The determination of the venireman's qualifications was a matter for the trial court in the exercise of sound judicial discretion. The trial court's determination will be rejected only upon a clear showing of abuse of discretion. State v. DeClue, 400 S.W.2d 50, 57[12] (Mo.1966). "All doubt should be resolved in favor of the finding of *70 the trial court because he is in a far better position to determine a challenge for cause than an appellate court." State v. Treadway, 558 S.W.2d 646, 649[1, 2] (Mo. banc 1977) (overruled as to another issue in Sours v. State, 593 S.W.2d 208 (Mo. banc 1980)).

In this case, a friend of the venireman had been murdered. He agreed that such fact might "tend to color [his] thinking here a little bit * * *." He could not say "for sure" that he could put that event out of his mind in considering the facts of the case to be tried. He could try to do so but was not sure whether he could or not.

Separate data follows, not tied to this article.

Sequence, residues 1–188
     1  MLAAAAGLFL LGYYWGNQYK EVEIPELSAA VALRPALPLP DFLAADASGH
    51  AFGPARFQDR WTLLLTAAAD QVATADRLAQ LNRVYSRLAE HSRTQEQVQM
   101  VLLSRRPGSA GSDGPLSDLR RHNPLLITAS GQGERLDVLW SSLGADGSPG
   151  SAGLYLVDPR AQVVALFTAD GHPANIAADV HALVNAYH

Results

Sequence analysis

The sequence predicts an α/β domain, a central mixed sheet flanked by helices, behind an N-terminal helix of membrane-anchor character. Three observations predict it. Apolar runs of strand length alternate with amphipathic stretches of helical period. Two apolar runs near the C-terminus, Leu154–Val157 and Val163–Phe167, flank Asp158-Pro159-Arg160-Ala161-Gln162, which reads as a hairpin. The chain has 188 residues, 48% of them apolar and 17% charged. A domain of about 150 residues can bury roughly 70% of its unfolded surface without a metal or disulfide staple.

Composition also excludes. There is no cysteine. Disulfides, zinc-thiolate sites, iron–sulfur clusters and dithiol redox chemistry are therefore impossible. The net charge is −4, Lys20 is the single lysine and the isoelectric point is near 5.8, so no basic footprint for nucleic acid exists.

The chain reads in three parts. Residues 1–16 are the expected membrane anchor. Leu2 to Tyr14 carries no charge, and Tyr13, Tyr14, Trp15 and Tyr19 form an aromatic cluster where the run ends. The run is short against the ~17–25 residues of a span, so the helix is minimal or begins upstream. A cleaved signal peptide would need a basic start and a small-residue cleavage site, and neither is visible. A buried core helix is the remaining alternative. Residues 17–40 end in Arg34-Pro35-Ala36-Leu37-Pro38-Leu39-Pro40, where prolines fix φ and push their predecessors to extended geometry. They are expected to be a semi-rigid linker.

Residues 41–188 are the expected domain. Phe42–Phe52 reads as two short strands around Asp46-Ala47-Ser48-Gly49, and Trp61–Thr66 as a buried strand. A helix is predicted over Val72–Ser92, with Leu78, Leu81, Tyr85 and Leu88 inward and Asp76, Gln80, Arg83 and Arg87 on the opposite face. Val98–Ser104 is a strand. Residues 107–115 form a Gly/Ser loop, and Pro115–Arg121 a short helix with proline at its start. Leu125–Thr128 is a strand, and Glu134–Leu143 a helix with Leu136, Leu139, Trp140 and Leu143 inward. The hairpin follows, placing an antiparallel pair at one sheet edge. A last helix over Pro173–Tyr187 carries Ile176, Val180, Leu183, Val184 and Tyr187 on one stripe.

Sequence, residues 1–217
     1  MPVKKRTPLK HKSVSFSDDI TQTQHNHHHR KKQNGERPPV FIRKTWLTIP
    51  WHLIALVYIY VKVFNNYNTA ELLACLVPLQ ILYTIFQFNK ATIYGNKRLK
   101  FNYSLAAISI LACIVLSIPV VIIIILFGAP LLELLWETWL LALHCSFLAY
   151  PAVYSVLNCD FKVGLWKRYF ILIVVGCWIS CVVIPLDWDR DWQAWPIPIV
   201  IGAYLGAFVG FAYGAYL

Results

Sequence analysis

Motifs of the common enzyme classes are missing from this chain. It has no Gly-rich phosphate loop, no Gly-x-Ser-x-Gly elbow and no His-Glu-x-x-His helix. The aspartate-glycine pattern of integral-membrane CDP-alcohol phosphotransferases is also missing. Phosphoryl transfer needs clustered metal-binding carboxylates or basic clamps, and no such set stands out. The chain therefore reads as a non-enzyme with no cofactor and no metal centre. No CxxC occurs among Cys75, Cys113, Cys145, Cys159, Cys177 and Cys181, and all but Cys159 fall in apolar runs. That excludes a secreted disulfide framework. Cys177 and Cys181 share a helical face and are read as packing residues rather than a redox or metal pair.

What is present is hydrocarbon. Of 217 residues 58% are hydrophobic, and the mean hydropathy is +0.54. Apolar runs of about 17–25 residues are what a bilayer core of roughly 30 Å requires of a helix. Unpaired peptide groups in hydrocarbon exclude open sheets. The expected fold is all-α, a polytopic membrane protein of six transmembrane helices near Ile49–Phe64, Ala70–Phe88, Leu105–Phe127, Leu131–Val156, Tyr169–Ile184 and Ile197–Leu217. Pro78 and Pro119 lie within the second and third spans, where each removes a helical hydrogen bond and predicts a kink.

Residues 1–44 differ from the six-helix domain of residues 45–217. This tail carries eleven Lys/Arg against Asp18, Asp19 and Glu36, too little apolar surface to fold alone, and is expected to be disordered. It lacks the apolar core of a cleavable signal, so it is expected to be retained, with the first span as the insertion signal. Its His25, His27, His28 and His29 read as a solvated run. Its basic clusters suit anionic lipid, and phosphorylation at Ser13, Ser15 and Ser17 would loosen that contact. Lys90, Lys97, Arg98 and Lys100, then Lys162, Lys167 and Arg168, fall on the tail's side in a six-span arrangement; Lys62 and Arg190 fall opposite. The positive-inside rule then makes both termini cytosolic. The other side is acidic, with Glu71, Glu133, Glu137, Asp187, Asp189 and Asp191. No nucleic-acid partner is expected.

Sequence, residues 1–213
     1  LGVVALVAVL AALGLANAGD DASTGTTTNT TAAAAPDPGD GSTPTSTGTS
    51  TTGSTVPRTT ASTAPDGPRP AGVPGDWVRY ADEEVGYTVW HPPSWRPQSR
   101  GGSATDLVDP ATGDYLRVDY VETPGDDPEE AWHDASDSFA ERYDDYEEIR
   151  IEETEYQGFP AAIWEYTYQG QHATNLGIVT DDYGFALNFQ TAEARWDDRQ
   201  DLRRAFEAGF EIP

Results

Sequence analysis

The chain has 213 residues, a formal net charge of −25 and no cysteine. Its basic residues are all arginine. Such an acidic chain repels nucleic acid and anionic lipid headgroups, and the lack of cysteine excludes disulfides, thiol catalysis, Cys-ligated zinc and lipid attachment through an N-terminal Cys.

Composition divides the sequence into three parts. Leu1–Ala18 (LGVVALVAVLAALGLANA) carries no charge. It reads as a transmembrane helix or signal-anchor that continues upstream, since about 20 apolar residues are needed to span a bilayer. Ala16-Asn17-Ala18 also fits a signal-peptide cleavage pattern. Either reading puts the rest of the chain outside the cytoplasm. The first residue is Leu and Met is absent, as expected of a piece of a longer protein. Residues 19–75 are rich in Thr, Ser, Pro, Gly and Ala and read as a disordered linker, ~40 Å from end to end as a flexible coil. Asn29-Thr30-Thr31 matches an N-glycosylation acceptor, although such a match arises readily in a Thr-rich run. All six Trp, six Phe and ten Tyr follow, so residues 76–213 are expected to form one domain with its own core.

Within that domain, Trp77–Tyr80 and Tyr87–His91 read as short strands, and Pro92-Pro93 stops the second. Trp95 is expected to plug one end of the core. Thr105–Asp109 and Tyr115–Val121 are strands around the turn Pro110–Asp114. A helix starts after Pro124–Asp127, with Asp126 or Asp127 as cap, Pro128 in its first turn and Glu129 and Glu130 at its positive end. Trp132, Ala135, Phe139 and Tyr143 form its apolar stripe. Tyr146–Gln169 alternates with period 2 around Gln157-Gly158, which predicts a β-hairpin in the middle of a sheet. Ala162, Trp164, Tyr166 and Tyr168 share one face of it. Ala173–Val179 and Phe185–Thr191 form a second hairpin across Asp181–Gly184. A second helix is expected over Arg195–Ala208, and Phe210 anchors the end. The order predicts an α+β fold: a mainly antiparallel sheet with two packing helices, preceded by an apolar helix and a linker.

Were the responses of the venireman such that the trial court could not properly conclude that he would be a fair and impartial juror? The venireman did not state or infer that he would be unable to judge the case fairly on the evidence which he might hear. At the best his answers indicated a feeling against murder, not a feeling against the defendant who was charged with murder. The question of whether or not the experience could be "put out of his mind" is not determinative of the qualifications of the venireman. The question properly is whether or not that experience would produce bias or prejudice against the defendant on trial and that question simply was not put as it was in the case of State v. Thompson, 541 S.W.2d 16 (Mo.App.1976), relied upon by appellant. On this record, it cannot be said that the trial court's ruling was an abuse of discretion. See State v. Green, 511 S.W.2d 867, 876-877[15] (Mo.1974); State v. Pride, 567 S.W.2d 426, 432-433[9]-[14] (Mo.App.1978).